Navy, Western Kentucky both want to use strong rushing games when they meet on Saturday

Western Kentucky expects to see the triple option early and often from Navy on Saturday.

The Hilltoppers (2-2) hope to do a better job defending it than the last time they played the Midshipmen (2-0), who ran for 410 yards in a 40-14 victory two years ago. This year, Navy has the nation's top rushing offense at 398 yards per game.

While WKU knows what it'll see from Navy, Hilltoppers coach Bobby Petrino hasn't announced who will be his starting quarterback. That's not necessarily a problem with senior running back Antonio Andrews prepared to be the focus of WKU's offense after rushing for a school-record five touchdowns last week.

WKU is averaging 473 yards per game and could use Andrews to exploit a Navy defense yielding 408 yards per contest.

With the Hilltoppers' quarterback situation up in the air, Petrino wants to rely on the team's strengths — which Andrews' running provides.

"I think the thing we really learned as a staff is to play to your strengths, which is our running backs, our offensive line and our ability to run the ball and get it to the guys that can make plays," the coach said.

Andrews' stellar performance not only ignited last week's 58-17 rout of FCS Morgan State, it allowed Petrino to evaluate all four of his quarterbacks. Freshman Todd Porter started instead of junior Brandon Doughty and the result was 5-of-10 passing for 76 yards and an interception.

Sophomore transfer Nelson Fishback completed 3 of 4 attempts for 49 yards and redshirt freshman Damarcus Smith was 2 of 5 for 33 yards with an interception. The demotion seemed to inspire Doughty, who completed all seven passes for 55 yards after throwing eight interceptions the previous two games.

Still, Petrino and his staff must decide who provides the best QB option as the Hilltoppers prepare to resume Sun Belt Conference play next week at Louisiana-Monroe. The process has posed challenges for the team but Petrino called them self-inflicted obstacles that require taking as much time as necessary to get over them.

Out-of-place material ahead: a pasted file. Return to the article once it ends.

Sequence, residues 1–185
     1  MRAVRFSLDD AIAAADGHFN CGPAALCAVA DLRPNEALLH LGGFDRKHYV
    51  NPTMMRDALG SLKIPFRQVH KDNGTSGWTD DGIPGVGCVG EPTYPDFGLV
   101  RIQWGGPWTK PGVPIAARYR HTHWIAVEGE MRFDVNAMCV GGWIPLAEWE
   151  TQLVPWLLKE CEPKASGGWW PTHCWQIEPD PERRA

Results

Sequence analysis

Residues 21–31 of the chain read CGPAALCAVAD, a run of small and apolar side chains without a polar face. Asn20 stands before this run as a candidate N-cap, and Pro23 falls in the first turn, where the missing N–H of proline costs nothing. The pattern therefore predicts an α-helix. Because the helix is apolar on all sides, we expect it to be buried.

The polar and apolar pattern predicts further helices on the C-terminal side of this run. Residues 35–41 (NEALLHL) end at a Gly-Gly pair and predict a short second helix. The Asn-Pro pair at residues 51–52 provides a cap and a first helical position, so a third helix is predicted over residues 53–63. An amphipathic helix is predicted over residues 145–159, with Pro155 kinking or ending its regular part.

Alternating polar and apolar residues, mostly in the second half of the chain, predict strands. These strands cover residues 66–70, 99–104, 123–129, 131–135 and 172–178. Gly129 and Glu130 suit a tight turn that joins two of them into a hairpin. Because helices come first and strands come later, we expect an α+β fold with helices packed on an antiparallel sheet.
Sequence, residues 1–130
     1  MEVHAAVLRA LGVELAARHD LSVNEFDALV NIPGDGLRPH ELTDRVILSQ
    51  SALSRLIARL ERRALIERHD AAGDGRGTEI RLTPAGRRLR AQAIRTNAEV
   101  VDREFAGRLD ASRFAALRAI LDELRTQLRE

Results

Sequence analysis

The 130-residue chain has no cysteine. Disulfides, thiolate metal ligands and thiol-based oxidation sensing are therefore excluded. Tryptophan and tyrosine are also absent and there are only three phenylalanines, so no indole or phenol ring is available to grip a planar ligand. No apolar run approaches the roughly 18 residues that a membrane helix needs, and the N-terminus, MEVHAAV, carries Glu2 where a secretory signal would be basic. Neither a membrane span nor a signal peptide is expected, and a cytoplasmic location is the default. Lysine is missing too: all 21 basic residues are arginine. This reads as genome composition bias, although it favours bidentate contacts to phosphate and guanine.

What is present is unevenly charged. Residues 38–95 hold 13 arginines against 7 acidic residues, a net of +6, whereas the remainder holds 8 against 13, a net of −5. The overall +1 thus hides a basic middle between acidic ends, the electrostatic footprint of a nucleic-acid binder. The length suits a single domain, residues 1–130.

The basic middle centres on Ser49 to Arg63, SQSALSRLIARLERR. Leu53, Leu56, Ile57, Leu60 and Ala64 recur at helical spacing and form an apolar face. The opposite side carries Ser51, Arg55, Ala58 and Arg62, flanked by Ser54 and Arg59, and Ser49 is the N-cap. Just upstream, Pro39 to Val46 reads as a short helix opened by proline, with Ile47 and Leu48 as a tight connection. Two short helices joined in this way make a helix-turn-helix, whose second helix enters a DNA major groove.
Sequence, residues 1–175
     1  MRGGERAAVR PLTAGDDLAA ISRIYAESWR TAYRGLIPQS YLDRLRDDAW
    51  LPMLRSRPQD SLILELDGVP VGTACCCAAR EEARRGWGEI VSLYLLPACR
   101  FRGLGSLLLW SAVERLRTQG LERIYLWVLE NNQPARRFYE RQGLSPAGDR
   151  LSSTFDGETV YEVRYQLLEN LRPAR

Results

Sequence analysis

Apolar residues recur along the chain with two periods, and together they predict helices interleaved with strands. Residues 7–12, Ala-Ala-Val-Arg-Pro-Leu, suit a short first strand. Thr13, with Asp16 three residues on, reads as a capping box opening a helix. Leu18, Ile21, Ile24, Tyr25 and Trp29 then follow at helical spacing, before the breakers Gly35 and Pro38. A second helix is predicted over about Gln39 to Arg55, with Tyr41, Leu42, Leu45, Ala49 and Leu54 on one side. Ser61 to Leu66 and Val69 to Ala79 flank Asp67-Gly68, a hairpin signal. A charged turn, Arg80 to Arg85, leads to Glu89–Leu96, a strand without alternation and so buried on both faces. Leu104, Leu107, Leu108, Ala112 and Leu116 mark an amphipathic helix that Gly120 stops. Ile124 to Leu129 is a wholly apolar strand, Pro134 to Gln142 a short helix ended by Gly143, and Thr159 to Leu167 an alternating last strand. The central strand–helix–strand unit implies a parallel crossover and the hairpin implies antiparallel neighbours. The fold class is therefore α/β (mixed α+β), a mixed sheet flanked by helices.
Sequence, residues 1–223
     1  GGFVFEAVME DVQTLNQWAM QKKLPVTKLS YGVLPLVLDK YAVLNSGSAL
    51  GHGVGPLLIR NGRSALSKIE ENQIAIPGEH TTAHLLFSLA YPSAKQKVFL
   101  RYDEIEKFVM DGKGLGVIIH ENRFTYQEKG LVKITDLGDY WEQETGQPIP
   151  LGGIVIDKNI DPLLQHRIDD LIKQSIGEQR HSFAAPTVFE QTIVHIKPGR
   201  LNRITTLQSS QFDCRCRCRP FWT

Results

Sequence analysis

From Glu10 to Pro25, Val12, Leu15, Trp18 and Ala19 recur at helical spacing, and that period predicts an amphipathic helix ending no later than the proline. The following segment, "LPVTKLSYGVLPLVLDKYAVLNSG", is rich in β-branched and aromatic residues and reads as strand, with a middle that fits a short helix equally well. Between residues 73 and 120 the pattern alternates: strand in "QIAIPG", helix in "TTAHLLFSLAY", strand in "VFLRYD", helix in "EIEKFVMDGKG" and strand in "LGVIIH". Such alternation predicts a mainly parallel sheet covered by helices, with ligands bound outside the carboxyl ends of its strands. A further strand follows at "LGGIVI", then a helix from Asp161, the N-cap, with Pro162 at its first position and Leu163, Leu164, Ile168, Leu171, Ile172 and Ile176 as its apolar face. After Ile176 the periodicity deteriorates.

"We had opportunities to just take care of the ball and play well as an offense and we weren't able to do that," Petrino said. "We have some work to do to get some consistency."


Here are five things to watch in Saturday's matchup between Navy and WKU:

ANDREWS AND CO. WKU ranks 27th in rushing yards and senior running back Antonio Andrews is coming off a school-record performance, the only FBS player to do so this season. Petrino said the Morgan State game showed coaches they needed to feed their go-to players and utilize the Hillltoppers' strengths. Look for Andrews and the backfield corps to attack Navy's weak run defense.

NAVY'S TRIPLE OPTION: Navy has produced the nation's top-ranked rushing game at 398 yards per game and faces a WKU defense ranked 95th stopping it. The Midshipmen could be the biggest test WKU's young defensive line will face all season, and Petrino said the key to slowing them down is preventing the big play.

KEENAN REYNOLDS: The Navy QB's dual-threat presence could give WKU fits if it fails to account for him. His 233 yards passing against Delaware were the most by a Navy quarterback since Brian Broadwater in 2000. Reynolds has nearly twice as many carries as the other Midshipmen backs through two games with 47 attempts for 236 yards and three touchdowns.

TURNOVERS: Despite blowing out Morgan State, WKU quarterbacks Todd Porter and Damarcus Smith each threw an interception. The Hilltoppers still rank last in NCAA turnover margin at -2.5. Navy on the other hand ranks 10th at +1.5.

NAVY'S SUN BELT SUCCESS: Navy has won both meetings against Western Kentucky and is 55-17-1 all-time against the Sun Belt Conference. The Midshipmen also have wins over Arkansas State (1-0), Texas State (1-0) and Troy (1-1).